"When you stand fifty feet in the air at the top of a telephone pole and look at the infintesimally thin wire you're trying to cross, a million thoughts are likely to race through your head: I'll never make it; it's too far; it's too high; the wire's too small, too unsteady; I can't balance on this thing; I'll kill myself; this is crazy; it has nothing to do with 'real courage'; and so on. The squirrel on the other hand, just scurries across the wire without thinking. Of course, that's because squirrels cannot think. Their sensory system receives sights, sounds, tastes, smells, and touches. Their brains are able to process this information, act accordingly, and execute skillful patterns of behavior. The human brain can do all of this, but it can also complicate matters: We can evaluate the sensory information and the situation, analyzing all the angles, and then intentionally train ourselves to improve our performance - all qualities of the Training Mindset. This ability to reason, evaluate, and make rational calculations is what separates us from other animals, and surely such rationality is a blessing in life - except when you are performing under pressure. Then you want to put aside the Training Mindset and respond to the stimuli bombarding you as much like a squirrel as is humanly possible."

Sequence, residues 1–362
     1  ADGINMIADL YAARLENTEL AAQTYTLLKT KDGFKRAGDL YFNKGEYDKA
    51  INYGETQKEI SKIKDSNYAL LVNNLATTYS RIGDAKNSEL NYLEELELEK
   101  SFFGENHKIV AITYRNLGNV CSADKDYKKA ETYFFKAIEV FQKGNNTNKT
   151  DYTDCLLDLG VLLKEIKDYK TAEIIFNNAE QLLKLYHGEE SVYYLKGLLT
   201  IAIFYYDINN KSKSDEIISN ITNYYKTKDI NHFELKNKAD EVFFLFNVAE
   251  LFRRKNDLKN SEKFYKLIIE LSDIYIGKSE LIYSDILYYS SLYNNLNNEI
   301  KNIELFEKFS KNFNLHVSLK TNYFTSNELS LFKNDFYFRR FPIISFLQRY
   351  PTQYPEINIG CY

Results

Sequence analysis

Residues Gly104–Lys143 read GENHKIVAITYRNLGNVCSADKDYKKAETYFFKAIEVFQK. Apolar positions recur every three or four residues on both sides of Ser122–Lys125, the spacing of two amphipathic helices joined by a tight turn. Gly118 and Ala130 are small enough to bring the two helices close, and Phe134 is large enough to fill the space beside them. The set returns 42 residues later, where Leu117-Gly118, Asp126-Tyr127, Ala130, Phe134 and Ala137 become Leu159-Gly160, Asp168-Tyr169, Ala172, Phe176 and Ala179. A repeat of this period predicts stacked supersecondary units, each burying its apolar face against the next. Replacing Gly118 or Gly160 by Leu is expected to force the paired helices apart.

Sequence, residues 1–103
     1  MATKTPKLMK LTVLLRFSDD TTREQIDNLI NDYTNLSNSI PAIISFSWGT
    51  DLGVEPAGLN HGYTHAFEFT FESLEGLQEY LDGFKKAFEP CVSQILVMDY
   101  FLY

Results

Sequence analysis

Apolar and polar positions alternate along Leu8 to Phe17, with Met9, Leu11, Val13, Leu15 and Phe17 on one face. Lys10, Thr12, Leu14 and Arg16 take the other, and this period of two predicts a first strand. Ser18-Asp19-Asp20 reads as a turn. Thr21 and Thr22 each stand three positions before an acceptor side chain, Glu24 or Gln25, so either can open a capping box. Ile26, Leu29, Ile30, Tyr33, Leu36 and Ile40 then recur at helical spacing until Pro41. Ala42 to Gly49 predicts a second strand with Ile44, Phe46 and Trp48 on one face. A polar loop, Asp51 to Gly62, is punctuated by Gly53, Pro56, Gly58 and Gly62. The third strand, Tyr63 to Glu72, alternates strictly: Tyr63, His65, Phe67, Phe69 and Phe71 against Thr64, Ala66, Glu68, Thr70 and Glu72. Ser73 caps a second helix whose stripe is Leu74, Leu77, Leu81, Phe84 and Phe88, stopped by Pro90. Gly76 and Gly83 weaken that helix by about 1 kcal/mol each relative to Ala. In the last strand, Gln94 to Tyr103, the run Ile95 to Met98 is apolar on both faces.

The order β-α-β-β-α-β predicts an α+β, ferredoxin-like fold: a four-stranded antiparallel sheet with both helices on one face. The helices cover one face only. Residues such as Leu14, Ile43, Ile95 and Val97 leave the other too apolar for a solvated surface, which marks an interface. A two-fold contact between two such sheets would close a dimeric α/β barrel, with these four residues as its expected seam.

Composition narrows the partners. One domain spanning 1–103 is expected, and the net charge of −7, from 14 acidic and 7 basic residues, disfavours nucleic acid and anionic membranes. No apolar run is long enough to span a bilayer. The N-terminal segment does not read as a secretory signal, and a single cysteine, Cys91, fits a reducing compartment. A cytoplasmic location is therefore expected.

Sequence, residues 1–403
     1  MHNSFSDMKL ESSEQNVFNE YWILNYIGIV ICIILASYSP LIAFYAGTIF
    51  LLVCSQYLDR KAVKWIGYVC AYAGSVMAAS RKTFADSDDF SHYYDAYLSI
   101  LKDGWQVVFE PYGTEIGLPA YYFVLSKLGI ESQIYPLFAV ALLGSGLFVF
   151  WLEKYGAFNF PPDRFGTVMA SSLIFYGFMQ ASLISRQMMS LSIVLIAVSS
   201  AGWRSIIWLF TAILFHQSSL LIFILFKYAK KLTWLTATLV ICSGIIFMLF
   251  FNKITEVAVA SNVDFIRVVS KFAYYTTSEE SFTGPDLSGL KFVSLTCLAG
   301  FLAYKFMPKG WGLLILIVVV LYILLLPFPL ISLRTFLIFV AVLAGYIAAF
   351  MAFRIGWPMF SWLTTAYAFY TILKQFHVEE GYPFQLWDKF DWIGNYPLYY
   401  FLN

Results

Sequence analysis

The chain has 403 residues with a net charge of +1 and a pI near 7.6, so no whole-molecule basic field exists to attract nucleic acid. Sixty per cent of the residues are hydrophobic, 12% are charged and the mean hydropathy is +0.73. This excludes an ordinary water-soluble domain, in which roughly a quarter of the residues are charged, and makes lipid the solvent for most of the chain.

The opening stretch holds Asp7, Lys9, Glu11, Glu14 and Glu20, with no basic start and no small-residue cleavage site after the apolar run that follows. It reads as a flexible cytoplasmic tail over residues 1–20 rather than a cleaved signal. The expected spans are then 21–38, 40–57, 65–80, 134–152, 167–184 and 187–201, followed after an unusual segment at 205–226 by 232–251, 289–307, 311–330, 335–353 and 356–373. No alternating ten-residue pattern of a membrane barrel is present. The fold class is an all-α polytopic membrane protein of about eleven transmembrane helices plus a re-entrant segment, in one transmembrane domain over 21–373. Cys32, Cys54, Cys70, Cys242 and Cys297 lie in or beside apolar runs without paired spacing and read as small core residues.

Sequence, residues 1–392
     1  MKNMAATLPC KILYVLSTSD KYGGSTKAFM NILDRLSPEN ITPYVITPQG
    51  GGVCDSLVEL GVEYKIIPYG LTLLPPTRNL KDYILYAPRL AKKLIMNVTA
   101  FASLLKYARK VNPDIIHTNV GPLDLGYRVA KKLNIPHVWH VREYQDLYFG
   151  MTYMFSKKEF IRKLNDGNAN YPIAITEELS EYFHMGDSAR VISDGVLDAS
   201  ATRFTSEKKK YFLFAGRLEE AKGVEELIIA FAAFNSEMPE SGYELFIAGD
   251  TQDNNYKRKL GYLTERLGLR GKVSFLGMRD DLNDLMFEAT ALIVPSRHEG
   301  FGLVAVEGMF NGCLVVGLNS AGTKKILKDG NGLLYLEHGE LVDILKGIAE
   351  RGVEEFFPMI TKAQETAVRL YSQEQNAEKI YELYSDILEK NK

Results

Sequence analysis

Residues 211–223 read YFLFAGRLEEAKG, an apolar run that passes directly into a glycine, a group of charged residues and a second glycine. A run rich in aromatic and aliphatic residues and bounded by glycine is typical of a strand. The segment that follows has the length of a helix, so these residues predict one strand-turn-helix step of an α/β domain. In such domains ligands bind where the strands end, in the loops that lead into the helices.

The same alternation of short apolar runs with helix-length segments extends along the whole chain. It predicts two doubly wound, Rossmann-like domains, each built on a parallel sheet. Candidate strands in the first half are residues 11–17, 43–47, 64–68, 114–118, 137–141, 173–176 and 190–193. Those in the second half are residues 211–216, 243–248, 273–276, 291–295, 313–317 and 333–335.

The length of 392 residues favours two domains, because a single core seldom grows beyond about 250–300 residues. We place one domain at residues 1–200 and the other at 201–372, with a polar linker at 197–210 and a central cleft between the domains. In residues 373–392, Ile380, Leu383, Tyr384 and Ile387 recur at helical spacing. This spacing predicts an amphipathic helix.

- From Overachievement by John Eliot, Ph.D.
In Japanese, there is a word, 無心 (mushin), which means "no mind" and, in the martial arts, it is the surrender of ego and self-consciousness that often hinders performance. It is a concept that we understand instinctively from birth and gradually lose as we fine tune our all-important "critical thinking skills". Develop your 無心. Be the squirrel.